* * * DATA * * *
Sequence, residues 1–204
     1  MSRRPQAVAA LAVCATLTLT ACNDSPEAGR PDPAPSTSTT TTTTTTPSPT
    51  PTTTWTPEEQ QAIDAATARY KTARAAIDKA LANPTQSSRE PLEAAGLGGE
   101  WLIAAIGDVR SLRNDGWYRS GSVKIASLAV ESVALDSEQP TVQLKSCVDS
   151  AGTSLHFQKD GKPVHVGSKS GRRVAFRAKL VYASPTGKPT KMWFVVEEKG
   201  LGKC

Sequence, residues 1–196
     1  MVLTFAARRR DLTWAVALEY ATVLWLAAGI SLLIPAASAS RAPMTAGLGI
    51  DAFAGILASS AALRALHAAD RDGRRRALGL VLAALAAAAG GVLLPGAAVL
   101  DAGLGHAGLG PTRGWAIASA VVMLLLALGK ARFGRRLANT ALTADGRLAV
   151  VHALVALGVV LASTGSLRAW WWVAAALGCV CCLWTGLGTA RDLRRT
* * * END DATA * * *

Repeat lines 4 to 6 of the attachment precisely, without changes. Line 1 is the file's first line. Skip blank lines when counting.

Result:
   101  WLIAAIGDVR SLRNDGWYRS GSVKIASLAV ESVALDSEQP TVQLKSCVDS
   151  AGTSLHFQKD GKPVHVGSKS GRRVAFRAKL VYASPTGKPT KMWFVVEEKG
   201  LGKC